I tried to use the iPod as hard disk on all PCs I connected it to. IT DOES NOT WORK WITHOUT ITUNES, AND APPLE SAYS SO IN THE MANUAL I'VE GOT.

It seems, as if I don't get help on this one here.
 

chornbe

Who, me?
HomunQlus said:
Firstly, what I REALLY don't like about the iPod, is, that you can't use it as a mobile hard drive just like that. You have to have iTunes, and with the iPod connected you have to say 'Enable Disk use'.

Practically all other players in the market do just fine by connecting them and the Mac detects them as a drive.
Ok, fair enough - on Windows. That option is not needed on the Mac. That is a viable sticky point.

HomunQlus said:
The second thing is, that Apple recently announced that all iPods except the 3G ones, that they're called back for some strange battery issue - they might explode.

I haven't heard similar problems with other players.
The only highly published issues are the ones involving batteries draining disproportionate to their age and use (aka - shiddy batteries). Can you find the news article, because I'm getting ready to buy another iPod and would love to research this. THanks.
 

HomunQlus

Artifical Lifeform
Got myself now an iRiver H320 - 20 Gig drive, LCD Color display, ability to display photos, built-in FM radio, ability to connect to a digital camera directly without the PC in between, voice recorder that records in MP3, also it can record from the radio in MP3, 16 hour battery life, firmware is upgradeable. It plays MP3, WMA, ASF and OGG.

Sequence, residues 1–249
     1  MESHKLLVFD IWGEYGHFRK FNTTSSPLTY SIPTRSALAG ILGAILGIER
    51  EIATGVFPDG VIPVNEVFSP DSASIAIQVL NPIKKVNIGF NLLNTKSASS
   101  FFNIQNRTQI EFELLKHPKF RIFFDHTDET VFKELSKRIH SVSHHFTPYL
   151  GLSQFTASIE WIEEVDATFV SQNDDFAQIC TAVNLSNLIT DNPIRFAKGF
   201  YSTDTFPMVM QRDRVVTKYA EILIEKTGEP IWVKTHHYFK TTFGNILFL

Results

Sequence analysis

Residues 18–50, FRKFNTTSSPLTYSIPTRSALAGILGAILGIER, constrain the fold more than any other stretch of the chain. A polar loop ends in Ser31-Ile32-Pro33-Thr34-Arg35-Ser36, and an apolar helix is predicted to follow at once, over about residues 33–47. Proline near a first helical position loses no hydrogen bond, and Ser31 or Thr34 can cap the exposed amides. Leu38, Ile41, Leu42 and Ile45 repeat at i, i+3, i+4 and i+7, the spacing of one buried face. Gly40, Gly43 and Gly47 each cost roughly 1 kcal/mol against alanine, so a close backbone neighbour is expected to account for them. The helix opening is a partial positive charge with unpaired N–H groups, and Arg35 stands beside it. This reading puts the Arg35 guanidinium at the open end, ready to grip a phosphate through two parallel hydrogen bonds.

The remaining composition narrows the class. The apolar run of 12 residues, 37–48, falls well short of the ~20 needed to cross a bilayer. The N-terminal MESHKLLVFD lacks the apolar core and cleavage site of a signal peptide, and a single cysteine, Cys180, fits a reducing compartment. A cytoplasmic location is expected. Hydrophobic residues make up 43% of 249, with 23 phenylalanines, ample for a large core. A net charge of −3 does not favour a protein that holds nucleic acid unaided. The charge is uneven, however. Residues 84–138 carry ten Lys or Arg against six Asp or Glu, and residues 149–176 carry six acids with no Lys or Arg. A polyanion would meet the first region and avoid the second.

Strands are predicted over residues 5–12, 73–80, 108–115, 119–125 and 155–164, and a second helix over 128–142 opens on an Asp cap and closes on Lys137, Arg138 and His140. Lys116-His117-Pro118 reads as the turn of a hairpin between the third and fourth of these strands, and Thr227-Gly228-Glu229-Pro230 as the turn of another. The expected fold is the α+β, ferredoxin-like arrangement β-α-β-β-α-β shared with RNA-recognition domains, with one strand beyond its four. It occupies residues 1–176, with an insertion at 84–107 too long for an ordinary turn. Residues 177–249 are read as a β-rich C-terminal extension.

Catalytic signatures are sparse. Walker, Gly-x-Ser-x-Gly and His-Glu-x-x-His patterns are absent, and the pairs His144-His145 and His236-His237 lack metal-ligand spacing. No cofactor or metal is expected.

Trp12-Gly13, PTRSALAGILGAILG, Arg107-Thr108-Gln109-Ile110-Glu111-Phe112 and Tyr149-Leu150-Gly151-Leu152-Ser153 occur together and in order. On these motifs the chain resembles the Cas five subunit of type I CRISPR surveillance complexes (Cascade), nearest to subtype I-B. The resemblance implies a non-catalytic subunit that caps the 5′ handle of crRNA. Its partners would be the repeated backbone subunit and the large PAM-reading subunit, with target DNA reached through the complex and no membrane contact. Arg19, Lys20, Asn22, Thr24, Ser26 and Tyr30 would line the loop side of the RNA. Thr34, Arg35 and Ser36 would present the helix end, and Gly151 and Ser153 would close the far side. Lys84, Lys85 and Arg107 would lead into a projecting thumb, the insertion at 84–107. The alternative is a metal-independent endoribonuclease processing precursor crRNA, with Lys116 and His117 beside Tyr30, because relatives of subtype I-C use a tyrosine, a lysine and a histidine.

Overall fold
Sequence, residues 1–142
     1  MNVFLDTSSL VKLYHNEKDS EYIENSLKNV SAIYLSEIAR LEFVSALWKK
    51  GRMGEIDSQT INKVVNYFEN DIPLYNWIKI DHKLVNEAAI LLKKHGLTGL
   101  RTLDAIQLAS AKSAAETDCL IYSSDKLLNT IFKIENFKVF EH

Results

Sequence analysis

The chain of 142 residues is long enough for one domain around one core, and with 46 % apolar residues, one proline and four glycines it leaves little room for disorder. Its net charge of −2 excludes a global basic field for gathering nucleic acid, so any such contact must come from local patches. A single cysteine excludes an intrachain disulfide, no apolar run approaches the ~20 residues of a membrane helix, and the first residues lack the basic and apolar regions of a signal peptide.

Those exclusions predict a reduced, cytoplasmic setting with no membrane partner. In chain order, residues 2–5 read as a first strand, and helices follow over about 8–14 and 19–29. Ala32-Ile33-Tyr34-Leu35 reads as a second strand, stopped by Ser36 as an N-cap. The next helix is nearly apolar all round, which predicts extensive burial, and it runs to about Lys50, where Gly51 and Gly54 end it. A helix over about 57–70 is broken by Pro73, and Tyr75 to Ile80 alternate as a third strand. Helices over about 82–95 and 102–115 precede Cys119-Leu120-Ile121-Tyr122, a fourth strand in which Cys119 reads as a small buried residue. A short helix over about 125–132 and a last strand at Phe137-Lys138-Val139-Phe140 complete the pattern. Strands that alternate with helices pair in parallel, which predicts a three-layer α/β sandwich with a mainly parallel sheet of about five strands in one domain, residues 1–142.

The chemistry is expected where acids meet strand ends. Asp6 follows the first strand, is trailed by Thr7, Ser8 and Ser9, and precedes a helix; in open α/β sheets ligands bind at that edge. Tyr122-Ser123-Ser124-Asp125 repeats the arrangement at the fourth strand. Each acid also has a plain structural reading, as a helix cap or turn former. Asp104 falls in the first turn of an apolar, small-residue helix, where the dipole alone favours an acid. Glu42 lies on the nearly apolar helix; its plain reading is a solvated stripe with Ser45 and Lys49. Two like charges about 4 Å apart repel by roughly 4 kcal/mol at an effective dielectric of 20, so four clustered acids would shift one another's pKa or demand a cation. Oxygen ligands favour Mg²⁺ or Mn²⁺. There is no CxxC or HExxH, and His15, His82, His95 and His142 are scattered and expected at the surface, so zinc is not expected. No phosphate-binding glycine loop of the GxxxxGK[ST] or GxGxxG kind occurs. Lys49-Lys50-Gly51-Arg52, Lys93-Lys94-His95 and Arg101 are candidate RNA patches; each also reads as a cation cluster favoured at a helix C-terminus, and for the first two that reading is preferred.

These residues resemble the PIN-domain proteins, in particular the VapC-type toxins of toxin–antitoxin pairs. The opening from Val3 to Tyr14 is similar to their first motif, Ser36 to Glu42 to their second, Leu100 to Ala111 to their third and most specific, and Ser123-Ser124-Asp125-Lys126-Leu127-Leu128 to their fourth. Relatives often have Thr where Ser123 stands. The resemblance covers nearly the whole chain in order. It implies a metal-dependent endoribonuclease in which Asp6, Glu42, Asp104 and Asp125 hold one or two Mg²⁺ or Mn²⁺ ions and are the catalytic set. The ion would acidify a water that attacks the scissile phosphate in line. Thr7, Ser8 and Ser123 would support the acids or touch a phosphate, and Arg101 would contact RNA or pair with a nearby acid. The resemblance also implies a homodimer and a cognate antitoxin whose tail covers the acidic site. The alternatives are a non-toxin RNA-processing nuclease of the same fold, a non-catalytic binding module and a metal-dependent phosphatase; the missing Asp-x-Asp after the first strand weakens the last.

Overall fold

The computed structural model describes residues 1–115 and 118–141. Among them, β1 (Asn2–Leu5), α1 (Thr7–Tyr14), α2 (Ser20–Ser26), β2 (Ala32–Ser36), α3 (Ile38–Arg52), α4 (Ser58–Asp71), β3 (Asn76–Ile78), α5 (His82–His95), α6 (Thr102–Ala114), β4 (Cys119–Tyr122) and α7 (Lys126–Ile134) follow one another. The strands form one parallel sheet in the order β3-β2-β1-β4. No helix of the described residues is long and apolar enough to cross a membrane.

How to put on songs: connect it via USB to any PC or Mac. New drive comes up, and you just throw the music in where ever you want it on the player. Doesn't matter what the folder's called, just throw it somewhere and unmount the drive. The next time you turn on the player it does an index of all music files, and plays them. No need for extra software.

My model is an iRiver H320 with 20 GB. The H340 has 40 Gigs.

All these features are in that machine, and the whole thing is far cheaper than an iPod Photo. Besides, to listen to Radio and to record something with the iPod, you have to buy things extra. Now I have all in one.

A picture:
http://www.informanews.net/tests/HP320/1.jpg

iRiver. For music junkies.
www.iriver.com